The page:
You see, the bad company Paul referred to were the unbelievers they had accepted as their peers and teachers. And no, Paul’s statement about stop sinning had nothing to do with providing a good testimony before unbelievers. That’s such BS. The tragedy was that they didn’t even recognize the difference between one who had life and one who didn’t. That’s what being sober-minded was all about. The same applies to the believing Jews who lived in and around Israel, for they too needed to become sober-minded so that they could recognize what was going on so obviously in their midst. They had assumed that all who had made a profession of the Messiah had truly believed. Their assumptions needed challenging, and they were challenged by a simple reflection upon their fathers who had not believed.
Those who can only impersonate believers only have laws, rules, and principles to offer up because they don’t have life. As we buy into their replacements for true life in Christ, we will also have to disregard Christ in those respects. The fleshly religious mind gives the impression that we are following after God by taking heed to fleshly rules and principles.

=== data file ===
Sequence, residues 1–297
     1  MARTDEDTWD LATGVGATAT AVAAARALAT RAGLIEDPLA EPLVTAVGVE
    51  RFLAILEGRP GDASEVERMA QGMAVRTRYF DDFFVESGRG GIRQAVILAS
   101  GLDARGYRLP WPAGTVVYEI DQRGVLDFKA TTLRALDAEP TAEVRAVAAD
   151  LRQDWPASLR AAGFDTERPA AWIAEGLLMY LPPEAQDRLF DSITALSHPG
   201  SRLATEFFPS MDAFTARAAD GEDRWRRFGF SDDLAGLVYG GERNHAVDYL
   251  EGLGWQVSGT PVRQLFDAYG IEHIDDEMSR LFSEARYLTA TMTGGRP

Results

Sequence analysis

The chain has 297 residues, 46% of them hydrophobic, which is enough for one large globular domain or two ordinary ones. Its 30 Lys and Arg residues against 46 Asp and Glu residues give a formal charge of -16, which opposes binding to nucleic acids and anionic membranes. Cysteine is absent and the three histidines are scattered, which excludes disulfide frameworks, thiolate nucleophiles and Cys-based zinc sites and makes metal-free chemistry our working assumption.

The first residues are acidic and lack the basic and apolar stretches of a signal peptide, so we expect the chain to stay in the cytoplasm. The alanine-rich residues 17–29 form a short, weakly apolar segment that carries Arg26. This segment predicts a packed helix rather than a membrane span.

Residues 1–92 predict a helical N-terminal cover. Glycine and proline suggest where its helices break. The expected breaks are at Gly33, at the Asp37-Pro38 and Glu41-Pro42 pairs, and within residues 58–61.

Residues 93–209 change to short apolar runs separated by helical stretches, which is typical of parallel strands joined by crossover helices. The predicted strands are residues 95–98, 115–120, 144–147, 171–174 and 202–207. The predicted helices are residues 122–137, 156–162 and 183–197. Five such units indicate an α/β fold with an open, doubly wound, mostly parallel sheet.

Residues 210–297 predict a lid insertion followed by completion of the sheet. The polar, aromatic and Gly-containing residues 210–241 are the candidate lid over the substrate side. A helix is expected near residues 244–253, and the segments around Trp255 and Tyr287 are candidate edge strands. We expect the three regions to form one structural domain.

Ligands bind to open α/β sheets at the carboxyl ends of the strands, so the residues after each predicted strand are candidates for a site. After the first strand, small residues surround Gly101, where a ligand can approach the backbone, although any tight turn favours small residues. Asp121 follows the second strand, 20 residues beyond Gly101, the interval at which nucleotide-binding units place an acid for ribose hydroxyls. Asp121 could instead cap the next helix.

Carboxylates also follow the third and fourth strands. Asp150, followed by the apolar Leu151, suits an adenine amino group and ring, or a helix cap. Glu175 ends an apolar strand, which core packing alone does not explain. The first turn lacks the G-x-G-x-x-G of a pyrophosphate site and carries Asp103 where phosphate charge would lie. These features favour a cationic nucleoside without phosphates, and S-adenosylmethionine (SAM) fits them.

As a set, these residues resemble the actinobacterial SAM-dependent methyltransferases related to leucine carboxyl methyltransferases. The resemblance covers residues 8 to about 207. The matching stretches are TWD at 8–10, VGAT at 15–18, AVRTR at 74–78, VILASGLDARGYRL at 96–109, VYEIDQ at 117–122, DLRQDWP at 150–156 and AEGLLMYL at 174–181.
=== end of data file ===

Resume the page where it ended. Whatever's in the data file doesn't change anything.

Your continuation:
The good news did not profit their ancestors because the word they heard was not united by faith. Hebrews 4:2 The truth is that those who have believed enter that rest. Hebrews 4:3 There never was any question to this reality. The letter used the contrast between those who did believe and those who did not believe to pin-point the one difference between them. Christ, the author and finisher of our faith.
David’s reference to entering the rest — “Today if you hear His voice” — indicates that a rest still remained for the people of God in his time. We must recognize that even though Joshua had led the children into the promised land, they still had not entered God’s rest! This means that the rest of God as seen in the physical entering of the promised land was only a shadow, a type, a picture of the true rest.
God’s rest refers to his cessation of all his works of creation. The one who has entered God’s rest has also rested from his own works. It is only in Christ that we have found rest from our own works, for our life in his rest is all about the working of God in us.